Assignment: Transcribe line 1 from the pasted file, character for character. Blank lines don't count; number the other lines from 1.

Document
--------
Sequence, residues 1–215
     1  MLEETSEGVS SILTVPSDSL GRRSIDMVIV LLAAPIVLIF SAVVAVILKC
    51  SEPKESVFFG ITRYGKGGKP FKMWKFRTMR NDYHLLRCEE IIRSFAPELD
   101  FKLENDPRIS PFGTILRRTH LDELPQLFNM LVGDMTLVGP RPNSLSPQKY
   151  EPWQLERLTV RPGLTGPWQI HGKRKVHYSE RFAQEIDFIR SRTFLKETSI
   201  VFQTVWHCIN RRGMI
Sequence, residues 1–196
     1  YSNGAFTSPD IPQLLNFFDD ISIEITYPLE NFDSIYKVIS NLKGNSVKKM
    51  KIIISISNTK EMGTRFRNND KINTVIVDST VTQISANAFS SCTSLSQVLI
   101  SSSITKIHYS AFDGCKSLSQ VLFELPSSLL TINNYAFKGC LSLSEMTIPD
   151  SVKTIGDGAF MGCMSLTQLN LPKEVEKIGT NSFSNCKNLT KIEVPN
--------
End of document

Sequence, residues 1–215